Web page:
Thanks to the beautiful autumn we’ve been having, I’ve had the chance to go walking in lots of different parts of Amsterdam lately. I vary my destination based on which friend I am meeting up with, how long I have until the next predicted rain shower or if I am in another neighbourhood for some errand, and I usually try to loop through a park if possible.
The other day I needed to pick up second hand gum-boots that I’d found via Marktplaats in Sloten, an area of Amsterdam where I rarely go. While planning my route on Google maps I spotted a small green area and decided to take a look on my way back.
At first I thought I couldn’t enter the park and that it was just a green wetland for birds as there were many coots and geese pecking around in the grass undisturbed. But I cycled around the perimeter until I found an entrance and a plaque with the name Natuurpark Vrije Geer.
The sky was grey as I walked along the path. The park had recently undergone maintenance as lots of reeds and grasses had been cut around the remaining shrubs and trees. It was quiet, with birds flitting here are there among the willows, tall reeds, ferns and autumn colours…
I also came across trees laden with funny fruit that look like a small brown apple with tentacles. Some light googling later on led me to the Dutch name mispel (or medlar in English) which is a plant that has been cultivated since the Roman times and carries fruit into the winter. Apparently you eat the medlar when it is overripe and has become sweet like apple sauce. I’m curious to try it!
Back home I read up about the history of the park. I found out that in the 90s the city of Amsterdam was rapidly transforming meadows and nature in the area into constructible zones and also threatened to run the tram line through this space. There were protests against this, which led to a local referendum in which over 200 000 people voted. Luckily 90% voted against housing construction and that’s how the park is a thriving ecosystem to this day. I found it interesting to read that the municipality was surprised that so many people showed up to vote for keeping a piece of land barely anyone was aware of before. To me this is an important reminder of how vital it is to involve citizens in decisions that impact their environment.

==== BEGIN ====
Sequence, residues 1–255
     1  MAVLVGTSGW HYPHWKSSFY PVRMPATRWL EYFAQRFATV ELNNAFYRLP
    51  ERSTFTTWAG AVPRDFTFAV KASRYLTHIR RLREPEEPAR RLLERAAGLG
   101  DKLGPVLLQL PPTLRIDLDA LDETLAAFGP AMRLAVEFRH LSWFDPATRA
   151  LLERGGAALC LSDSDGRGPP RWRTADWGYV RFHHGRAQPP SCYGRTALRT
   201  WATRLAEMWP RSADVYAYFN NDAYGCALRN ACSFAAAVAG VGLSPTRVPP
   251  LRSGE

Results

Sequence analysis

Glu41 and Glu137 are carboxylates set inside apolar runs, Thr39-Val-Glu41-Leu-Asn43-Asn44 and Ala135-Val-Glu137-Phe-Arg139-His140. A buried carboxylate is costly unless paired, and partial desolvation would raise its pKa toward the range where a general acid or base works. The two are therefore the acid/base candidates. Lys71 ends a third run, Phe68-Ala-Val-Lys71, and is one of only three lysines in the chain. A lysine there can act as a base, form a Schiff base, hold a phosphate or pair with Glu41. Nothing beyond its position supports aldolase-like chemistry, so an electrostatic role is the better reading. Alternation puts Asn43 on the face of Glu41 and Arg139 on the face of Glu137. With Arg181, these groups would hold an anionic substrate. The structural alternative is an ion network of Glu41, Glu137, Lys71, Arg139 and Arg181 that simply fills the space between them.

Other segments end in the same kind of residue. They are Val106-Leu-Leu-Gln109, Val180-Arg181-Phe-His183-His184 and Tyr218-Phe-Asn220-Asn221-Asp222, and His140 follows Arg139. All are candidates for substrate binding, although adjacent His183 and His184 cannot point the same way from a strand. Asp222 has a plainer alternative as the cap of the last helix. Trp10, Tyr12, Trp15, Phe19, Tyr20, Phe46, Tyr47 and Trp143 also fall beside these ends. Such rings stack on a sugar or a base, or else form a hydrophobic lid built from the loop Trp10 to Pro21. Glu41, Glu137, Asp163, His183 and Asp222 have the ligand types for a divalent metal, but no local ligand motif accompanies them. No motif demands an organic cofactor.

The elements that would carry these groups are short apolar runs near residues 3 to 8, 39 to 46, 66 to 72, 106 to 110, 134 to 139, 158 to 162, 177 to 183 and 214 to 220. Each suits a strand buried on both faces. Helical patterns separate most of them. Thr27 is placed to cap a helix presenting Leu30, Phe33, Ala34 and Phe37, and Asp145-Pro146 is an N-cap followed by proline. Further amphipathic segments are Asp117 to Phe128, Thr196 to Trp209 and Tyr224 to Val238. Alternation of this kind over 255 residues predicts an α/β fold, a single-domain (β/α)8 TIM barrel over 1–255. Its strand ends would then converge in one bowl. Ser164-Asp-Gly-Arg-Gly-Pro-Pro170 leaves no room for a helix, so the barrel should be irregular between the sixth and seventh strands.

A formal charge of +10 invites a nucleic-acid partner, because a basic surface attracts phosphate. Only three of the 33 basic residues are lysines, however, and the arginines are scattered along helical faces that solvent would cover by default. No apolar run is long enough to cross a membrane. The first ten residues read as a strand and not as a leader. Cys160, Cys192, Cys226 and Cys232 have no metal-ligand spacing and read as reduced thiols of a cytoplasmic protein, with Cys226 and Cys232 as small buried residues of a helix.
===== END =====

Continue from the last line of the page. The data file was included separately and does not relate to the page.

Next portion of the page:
In the last few days, we’ve been blessed with some beautiful weather, and I’ve been trying to soak up warm rays of sun while it lasts. As the measures to curb COVID-19 get stricter again in the Netherlands, I realise how lucky I’ve been to be able to go on safely-distanced walks with my friends in the months since the start of the pandemic.
Though in the past my modus operandi was heading out my front door spontaneously and strolling through my neighbourhood by myself, since March I’ve had the joy of regularly meeting with different friends for a breath of fresh air in one or the other of Amsterdam’s lovely parks, instead of going to the cinema or sharing a meal.
The rhythmic motion of putting one foot in front of the other is so grounding and perfect for catching up, hatching plans and dreams, and speculating on how the next months will unfold.
We also discuss mundane things like latest tested recipes or series we are bingeing, watch goats hidden among high nettles or hunt for the corner of the park which catches the very last rays of sunlight… making these moments a real balm in moments of loneliness, difficult decision making and uncertainty about the future.
Sometimes our walks include an ice-cream, a good coffee or a ginger ale with a side of fries, but just the act of simply getting together and airing thoughts that have gotten stuck in a loop, and sharing a chat and some laughs is enough for me to feel human again.
Some days all you really need is to hang out with a friend, unrushed, just catching up while taking a leisurely walk around the neighbourhood and supporting a small business (and enjoying delicious vegan cakes in the process;).
Then taking a further stroll through the park even if the weather is grey, watching the birds and marveling at the fresh green of spring leaves, while having inspiring talks about upcoming creative plans and ideas for the next months, and plotting how to keep each other accountable…
This week in our meditation course, we made a list of our daily routine activities and were asked to indicate which ones we find depleting and which ones nourishing. A very interesting exercise, especially because many of those activities turned out to be depleting on one day or nourishing on another, depending on circumstances or state of mind.
An example for me is cycling to work. Being within cycling distance of work is part of the life choices I’ve made, and I am so grateful to be able to do so. I particularly love the 10 minutes of the ride through Vondelpark. As I cycle through the park, I find myself tuning in to admire the frost on the grass, focus on how the slanted rays of sunshine come through the trees, spot the storks that have come back to nest and feeling the fresh air on my face as I pedal along.
However some days I am less in tune to the nourishing side of my commute than others. When it is extremely cold, raining cats and dogs or simply still dark, I often find it hard to enjoy the ride and focus mainly on getting to my destination. Also, part of my commute involves riding through the city center with lots of traffic, not to mention the major road works that have been going on outside our office for 6 months. I experience that part as loud and stressful, and very depleting. My challenge is to be more mindful in this part of the ride and to accept being in that moment, instead of wishing it was different. Let’s see how that goes!